The Complicator Vol. 32- The Four Fields of Musical Inquiry

Tent_camp.jpgPhilip Alperson, in the introduction to “The Philosophy of Music,” describes “the four broad areas of music which were to become standard areas of inquiry in Western thought” about music. They are:

Formalist, which is “concerned with the qualities of musical form itself.”

Expressive, which is focused on “the connection between music and human emotion.”

Metaphysical, concerned with the “ontological, cosmological and religious significance of music.”

Ethical, concerned with “the effects and role of music within society.”

I read and hear lots of you talking about how the music feels, how it makes you feel, and things like that, so I bet that the expressive camp would be well-populated. And the idea of an ethical perspective on music might help clarify that muddy thing that so many people seem to be concerned with when they talk about how vapid and empty some music seems to be.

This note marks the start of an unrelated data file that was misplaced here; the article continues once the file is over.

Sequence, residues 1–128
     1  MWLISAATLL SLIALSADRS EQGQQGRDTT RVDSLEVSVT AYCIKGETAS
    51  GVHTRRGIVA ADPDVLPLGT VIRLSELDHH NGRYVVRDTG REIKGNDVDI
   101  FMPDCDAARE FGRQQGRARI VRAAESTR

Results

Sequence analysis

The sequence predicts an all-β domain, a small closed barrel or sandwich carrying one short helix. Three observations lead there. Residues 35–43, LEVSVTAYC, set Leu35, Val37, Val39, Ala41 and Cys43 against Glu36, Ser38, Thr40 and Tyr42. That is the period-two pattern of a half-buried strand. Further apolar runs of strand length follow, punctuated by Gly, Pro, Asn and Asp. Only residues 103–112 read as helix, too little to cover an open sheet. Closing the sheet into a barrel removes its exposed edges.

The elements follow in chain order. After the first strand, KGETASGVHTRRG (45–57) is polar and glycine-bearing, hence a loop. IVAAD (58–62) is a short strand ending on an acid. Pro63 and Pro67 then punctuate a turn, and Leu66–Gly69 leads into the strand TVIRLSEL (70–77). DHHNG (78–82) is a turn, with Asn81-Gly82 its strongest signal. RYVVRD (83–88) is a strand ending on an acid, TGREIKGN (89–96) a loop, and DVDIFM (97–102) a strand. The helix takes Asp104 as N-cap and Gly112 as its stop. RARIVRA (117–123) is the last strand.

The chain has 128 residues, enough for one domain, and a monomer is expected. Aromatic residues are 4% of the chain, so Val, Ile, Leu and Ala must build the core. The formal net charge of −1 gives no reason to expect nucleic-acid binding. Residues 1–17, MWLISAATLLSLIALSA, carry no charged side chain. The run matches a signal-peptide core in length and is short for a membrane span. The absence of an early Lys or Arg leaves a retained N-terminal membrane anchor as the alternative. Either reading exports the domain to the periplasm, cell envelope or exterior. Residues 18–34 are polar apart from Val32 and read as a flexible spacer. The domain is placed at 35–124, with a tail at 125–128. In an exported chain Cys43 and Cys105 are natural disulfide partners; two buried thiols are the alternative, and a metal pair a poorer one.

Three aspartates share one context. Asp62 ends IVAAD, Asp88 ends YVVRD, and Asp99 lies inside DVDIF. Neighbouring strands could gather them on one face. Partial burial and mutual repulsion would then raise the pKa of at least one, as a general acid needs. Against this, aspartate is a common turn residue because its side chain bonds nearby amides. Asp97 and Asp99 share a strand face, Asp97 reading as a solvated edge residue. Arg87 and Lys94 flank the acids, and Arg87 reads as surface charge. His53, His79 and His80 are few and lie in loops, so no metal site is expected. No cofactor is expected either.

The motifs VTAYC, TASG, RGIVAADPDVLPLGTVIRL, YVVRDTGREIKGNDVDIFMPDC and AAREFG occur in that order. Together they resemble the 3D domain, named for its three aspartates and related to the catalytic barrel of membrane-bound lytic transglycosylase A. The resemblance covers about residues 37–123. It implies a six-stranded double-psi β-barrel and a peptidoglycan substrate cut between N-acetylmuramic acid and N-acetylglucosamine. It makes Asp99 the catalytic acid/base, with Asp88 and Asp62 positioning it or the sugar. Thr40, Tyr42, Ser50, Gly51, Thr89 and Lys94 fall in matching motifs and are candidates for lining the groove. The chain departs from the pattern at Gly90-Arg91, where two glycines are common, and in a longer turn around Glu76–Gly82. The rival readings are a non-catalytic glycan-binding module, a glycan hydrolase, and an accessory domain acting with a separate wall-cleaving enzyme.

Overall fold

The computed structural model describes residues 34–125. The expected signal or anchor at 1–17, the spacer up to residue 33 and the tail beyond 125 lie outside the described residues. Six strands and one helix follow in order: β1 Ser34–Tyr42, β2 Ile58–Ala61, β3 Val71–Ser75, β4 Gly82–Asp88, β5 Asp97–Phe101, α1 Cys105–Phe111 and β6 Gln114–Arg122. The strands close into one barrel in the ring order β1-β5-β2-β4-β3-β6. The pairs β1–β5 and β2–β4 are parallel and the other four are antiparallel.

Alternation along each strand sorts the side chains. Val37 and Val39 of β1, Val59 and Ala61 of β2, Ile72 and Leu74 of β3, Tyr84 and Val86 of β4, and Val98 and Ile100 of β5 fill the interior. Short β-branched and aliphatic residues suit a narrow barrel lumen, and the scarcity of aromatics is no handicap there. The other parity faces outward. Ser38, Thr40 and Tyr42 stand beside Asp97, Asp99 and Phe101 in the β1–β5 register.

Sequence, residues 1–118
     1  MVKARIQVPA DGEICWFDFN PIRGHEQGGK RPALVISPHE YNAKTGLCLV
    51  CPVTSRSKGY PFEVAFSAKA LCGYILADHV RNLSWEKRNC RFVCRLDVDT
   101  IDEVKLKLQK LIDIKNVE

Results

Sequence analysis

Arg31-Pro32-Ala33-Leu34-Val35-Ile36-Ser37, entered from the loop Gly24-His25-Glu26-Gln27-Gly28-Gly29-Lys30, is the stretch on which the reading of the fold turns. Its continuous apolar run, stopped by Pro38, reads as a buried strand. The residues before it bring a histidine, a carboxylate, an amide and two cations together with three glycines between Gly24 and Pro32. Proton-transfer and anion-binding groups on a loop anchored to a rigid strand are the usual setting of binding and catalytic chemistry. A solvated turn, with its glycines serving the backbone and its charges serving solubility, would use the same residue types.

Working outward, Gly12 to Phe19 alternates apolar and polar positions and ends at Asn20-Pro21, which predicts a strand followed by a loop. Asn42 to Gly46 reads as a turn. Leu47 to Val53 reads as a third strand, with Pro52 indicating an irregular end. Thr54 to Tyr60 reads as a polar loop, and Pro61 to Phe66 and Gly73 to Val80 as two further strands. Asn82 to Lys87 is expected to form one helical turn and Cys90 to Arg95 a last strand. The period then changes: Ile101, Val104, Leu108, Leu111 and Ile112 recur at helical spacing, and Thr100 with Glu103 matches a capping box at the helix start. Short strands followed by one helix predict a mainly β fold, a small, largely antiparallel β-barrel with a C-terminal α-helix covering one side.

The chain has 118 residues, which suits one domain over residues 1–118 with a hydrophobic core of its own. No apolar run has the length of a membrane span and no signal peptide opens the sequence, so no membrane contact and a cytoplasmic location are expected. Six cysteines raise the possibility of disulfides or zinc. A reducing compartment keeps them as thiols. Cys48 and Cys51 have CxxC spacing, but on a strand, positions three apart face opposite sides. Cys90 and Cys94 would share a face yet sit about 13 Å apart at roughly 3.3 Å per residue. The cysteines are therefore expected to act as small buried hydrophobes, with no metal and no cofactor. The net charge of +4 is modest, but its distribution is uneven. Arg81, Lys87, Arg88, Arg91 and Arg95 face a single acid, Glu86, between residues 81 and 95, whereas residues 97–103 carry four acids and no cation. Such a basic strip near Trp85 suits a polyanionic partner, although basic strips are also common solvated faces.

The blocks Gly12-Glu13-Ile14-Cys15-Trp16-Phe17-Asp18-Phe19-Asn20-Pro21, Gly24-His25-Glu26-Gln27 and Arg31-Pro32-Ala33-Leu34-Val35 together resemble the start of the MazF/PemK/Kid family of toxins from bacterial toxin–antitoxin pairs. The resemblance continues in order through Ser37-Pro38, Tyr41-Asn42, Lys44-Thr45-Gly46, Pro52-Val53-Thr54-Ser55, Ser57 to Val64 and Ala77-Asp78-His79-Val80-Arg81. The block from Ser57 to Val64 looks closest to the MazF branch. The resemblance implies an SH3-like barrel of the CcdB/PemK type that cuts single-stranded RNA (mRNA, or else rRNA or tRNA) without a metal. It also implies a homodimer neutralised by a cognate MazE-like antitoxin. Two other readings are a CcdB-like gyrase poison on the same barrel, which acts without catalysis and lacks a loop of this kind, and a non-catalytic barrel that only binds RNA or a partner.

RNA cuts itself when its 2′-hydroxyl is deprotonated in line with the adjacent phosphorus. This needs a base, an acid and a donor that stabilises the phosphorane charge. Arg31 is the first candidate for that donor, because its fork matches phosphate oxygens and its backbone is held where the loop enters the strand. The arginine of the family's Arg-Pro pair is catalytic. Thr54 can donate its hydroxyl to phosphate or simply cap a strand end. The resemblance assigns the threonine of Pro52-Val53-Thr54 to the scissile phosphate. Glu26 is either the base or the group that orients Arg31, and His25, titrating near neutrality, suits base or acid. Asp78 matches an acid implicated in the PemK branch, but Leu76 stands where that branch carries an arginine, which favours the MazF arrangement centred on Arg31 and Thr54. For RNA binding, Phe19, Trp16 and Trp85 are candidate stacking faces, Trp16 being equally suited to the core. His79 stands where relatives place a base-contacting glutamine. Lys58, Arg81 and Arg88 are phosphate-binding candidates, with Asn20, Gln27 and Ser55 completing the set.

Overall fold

Maybe the formalist camp would be reserved for the most esoteric and avant-garde among us; and the metaphysical might be populated by new age listeners and certain composers.

Of course, we’d wander between camps. We might be in two or three at once, even.

Even so, do you think you can place yourself in one or more of these groups? What are your concerns when you listen to music? If you have no concerns, does that automatically mean you are an “expressive” listener? Are there any things that are missing from this list?

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